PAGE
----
CFPB Speaks: In-Person Debt Collection

In-person debt collection raises the collector’s risk of being in violation of relevant sections of financial law, including the Dodd-Frank Act and the Fair Debt Collection Practices Act. The risk is becoming reality for several businesses, as the Consumer Financial Protection Bureau (CFPB) steps up enforcement activities against debt collection companies. CFPB is focused on first-party and third-party debt collectors and has recently imposed significant penalties on companies found in violation of consumer protection measures in the statutes. In December 2015, CFPB released a Compliance Bulletin about in-person debt collection to offer guidance about its expectations to creditors, debt buyers and third-party collectors.

In-Person Debt Collection and the Law

Sections 1031 and 1036 of the Dodd-Frank Wall Street Reform and Consumer Protection Act of 2010 deal with “unfair, deceptive, and abusive acts and practices” — UDAAPs — conducted during a transaction with a consumer for a financial product or service, or offering a financial product or service. According to Section 1031, an act or practice is unfair “when it causes or is likely to cause substantial injury to consumers which is not reasonably avoidable by consumers and is not outweighed by… benefits to consumers or competition.” The prohibition against UDAAPs extends to first-party creditors and other persons and service providers covered by the Act who are collecting debt related to consumer financial products or services.

Debt collection practices of third parties are regulated by the Fair Debt Collection Practices Act (FDCPA). Under the FDCPA, which was passed in 1977, it’s illegal to engage in abusive debt collection practices. The act regulates numerous aspects of communication, such as limiting hours for phone calls, prohibiting discussion about a debt with third parties, prohibiting debt collectors from visits to a consumer’s place of employment, and making deceitful or threatening statements. The FDCPA governs debt recovery from personal, family or household transactions, but not debts incurred by businesses, or individuals who borrowed for business purposes.

CFPB is given the authority in the Dodd-Frank Act to prevent any person or service provider from “conducting or engaging” in UDAAPs, and that’s the legislation that it uses for enforcement actions against first-party debt collectors — those collecting their own debt. For third-party collectors, provisions in FDCPA are applied.

Compliance Risks with In-Person Debt Collection

As the Bureau notes in the Compliance Bulletin, CFPB will bring enforcement or supervisory action against a company it determines is in violation of the Dodd-Frank Act, FDCPA, “or other Federal consumer financial law.” Recent enforcement actions brought against some companies have also named individuals within the companies.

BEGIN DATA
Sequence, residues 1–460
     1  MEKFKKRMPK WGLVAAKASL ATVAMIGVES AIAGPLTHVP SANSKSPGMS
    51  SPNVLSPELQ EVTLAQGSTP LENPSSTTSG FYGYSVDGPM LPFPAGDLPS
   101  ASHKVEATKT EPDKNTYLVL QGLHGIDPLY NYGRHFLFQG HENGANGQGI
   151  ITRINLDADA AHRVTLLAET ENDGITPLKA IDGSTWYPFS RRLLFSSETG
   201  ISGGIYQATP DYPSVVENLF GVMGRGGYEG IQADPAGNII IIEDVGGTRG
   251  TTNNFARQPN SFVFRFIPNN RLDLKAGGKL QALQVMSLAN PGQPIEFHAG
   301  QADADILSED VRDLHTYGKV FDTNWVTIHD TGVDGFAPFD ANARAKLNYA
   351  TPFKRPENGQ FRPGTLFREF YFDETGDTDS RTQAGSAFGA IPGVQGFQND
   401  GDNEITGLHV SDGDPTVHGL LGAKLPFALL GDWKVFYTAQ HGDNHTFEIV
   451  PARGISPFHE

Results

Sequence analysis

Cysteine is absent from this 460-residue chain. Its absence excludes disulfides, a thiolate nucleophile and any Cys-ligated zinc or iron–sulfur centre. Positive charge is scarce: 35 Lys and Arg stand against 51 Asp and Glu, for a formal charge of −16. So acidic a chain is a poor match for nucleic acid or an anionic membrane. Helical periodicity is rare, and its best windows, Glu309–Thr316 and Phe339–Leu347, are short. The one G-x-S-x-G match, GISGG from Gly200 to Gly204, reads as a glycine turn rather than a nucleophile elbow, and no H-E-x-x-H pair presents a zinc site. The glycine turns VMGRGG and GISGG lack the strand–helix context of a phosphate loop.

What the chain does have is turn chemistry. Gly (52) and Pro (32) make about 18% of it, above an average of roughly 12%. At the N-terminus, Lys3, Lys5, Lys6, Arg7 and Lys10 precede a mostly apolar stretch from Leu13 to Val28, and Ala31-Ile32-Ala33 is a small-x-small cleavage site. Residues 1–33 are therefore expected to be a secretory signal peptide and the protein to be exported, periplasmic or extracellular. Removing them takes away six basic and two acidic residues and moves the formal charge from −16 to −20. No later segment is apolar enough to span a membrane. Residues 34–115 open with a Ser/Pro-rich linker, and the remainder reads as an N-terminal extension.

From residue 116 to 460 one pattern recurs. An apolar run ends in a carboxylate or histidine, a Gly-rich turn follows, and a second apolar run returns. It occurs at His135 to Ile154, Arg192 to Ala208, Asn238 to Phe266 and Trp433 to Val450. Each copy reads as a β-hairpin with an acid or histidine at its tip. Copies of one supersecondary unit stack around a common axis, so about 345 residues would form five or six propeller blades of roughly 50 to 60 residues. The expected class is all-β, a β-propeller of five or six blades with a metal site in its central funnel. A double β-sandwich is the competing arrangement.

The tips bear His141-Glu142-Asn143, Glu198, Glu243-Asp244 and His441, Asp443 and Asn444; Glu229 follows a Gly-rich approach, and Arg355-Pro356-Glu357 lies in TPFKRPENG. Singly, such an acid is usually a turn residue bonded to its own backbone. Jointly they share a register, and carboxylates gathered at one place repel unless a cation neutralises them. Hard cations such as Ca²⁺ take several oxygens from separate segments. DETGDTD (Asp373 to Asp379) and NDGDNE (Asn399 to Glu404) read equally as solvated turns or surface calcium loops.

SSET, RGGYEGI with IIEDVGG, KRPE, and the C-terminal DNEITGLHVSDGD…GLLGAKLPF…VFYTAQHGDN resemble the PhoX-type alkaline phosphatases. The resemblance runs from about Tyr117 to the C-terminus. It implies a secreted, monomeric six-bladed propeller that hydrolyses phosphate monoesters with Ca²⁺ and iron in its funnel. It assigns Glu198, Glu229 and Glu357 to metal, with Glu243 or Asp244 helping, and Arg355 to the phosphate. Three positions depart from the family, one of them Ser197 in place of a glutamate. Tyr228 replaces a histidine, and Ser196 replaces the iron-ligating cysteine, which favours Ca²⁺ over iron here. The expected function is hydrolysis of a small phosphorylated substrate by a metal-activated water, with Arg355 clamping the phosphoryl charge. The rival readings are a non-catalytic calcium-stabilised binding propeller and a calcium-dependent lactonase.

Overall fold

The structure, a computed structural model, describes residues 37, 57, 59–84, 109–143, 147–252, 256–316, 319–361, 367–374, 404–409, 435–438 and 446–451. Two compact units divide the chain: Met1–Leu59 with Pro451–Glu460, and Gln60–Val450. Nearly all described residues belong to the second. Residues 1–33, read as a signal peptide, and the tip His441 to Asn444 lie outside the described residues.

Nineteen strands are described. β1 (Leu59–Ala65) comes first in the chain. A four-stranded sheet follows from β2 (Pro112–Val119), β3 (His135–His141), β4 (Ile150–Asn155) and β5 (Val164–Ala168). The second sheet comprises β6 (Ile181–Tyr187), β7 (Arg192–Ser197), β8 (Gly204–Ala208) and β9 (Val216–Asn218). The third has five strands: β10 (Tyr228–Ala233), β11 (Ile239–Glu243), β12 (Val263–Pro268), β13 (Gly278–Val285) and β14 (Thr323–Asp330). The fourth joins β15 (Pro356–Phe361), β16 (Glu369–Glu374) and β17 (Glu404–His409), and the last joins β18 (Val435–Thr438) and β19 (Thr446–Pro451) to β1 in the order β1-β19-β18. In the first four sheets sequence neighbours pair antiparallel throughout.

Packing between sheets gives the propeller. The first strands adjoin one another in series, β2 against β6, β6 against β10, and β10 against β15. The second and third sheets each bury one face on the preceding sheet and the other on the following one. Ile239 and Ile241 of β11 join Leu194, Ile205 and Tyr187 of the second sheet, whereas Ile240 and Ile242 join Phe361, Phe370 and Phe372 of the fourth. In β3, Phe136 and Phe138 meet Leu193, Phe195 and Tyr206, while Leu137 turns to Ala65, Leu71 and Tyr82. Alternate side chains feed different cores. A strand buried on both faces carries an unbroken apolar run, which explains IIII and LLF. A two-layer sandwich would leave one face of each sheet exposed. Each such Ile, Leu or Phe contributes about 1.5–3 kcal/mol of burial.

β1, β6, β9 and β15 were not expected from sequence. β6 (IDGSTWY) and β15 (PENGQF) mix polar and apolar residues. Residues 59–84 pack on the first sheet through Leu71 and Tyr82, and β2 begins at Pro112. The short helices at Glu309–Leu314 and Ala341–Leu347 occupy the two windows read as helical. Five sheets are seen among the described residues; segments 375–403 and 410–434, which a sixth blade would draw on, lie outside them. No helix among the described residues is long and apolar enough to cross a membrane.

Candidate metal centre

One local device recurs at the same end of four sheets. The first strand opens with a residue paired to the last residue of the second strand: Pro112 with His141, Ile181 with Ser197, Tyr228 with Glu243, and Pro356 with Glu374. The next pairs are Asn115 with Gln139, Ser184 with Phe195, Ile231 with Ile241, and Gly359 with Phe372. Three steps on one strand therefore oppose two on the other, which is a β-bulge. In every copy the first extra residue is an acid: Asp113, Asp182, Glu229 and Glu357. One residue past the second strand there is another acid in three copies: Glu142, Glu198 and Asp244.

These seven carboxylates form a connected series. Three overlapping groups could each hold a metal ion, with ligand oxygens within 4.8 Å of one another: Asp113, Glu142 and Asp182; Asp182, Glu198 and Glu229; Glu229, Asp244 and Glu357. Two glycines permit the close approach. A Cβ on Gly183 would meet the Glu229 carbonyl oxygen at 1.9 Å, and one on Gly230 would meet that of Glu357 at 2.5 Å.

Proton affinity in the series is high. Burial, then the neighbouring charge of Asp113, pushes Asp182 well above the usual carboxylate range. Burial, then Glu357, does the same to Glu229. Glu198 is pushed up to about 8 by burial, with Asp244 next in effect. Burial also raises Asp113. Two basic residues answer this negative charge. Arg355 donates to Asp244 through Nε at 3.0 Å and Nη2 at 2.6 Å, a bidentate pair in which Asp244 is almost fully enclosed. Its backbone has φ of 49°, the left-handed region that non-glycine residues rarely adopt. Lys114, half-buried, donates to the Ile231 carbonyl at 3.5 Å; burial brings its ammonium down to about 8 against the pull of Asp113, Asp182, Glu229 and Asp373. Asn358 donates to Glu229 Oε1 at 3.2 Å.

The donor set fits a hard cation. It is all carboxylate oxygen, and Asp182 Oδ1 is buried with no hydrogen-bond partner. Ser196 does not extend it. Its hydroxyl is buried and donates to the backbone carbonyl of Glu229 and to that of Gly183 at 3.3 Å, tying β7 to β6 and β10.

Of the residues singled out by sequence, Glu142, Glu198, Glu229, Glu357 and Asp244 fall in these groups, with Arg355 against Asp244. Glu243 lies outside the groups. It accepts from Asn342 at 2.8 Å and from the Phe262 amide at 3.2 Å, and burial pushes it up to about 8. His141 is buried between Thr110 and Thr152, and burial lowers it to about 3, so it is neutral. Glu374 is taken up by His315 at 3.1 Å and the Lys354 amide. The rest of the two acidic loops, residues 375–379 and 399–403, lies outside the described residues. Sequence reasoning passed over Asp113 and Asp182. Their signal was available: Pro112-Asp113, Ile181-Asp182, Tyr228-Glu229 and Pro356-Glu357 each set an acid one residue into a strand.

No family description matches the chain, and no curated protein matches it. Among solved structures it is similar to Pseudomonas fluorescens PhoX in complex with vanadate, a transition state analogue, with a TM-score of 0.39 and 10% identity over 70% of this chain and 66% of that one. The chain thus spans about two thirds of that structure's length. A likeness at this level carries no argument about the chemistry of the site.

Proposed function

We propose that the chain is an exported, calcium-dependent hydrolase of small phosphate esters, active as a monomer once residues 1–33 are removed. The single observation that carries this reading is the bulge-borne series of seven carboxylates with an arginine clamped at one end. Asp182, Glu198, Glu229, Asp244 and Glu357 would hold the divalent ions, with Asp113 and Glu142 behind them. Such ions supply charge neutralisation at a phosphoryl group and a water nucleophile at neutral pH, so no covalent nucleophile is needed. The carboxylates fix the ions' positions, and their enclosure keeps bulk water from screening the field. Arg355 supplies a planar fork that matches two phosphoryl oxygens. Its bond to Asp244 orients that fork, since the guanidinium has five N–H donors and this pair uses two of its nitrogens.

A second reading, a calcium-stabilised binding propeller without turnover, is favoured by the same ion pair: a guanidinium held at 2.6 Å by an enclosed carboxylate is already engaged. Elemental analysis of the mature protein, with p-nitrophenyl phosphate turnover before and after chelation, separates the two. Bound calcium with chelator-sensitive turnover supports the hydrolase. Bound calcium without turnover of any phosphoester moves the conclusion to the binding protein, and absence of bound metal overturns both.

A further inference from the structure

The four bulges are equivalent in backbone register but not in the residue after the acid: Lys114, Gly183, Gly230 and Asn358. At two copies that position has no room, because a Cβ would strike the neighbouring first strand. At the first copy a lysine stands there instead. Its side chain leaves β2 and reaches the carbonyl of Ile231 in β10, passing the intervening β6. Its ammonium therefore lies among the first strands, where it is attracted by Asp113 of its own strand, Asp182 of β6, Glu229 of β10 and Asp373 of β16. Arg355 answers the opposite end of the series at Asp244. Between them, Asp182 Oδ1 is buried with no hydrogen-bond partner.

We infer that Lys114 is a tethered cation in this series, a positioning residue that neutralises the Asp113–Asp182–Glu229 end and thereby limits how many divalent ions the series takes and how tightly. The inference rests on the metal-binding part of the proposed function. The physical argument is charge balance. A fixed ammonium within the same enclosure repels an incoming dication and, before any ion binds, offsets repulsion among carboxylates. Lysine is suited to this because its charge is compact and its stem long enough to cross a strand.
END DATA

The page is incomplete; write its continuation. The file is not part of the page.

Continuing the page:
The bulletin elaborates on the definition of “substantial injury,” which is not confined to harmful monetary effects but also includes harm to reputation and negative consequences to other facets of the consumer’s life, such as employment. CFPB cautions that debt collectors who conduct in-person visits, which often means visiting a person’s home or place of work, have an enhanced risk for being in violation of the acts, especially the FDCPA, which prohibits debt collectors “engaging in any conduct the natural consequence of which is to harass, oppress, or abuse any person, and from using unfair or unconscionable means to collect or attempt to collect any debt.” The bulletin is specific about several in-person debt collection activities that heighten the risk of an in-person debt collector to be non-compliant, and have been found by CFPB examiners to be unfair in violation of the Dodd-Frank Act.

First-party and third-party debt collectors should become familiar with the Compliance Bulletin and review the in-person debt collection practices of their own operation and employees. It might be helpful to also review recent consent orders released by CFPB with an eye to avoiding the practices that the Bureau highlighted as violations.

Key Takeaways

First-party debt collectors may be subject to the UDAAP provisions — unfair, deceptive and abusive acts and practices that may cause substantial injury to a consumer — of the Dodd-Frank Act.

Third-party debt collection activities are covered by the Fair Debt Collections Practices Act

In-person debt collection visits can cause “substantial injury” to the consumer’s reputation and employment, as well as monetary harm.

In-person debt collection activities heighten the risk of first- and third-party collectors to be in violation of FDCPA’s provisions against conduct that may have a harassing effect on the consumer.

Where possible, other methods of contact should be used instead of in-person visits.

Avoid practices that have the potential of alerting a third party that a debt is being collected from the consumer, such as:

  • Identifying the company
  • Wearing a name tag
  • Leaving a business card with a third party or in a place visible to the public
  • Leaving a letter with a third party
  • Discussing a debt with a third party, or with the consumer where a third party can overhear any of the conversation
  • Discussing a debt with a third party, or with the consumer where a third party can overhear any of the conversation

Consumers shouldn’t be threatened with an in-person visit.

Collectors shouldn’t visit a consumer’s place of employment or home when:

  • They may know, or have reason to know, that personal visitors aren’t permitted at the place of employment
  • They may know, or have reason to know, it’s a time and place that’s inconvenient for the consumer
  • The collector knows that the consumer has requested not to be contacted at work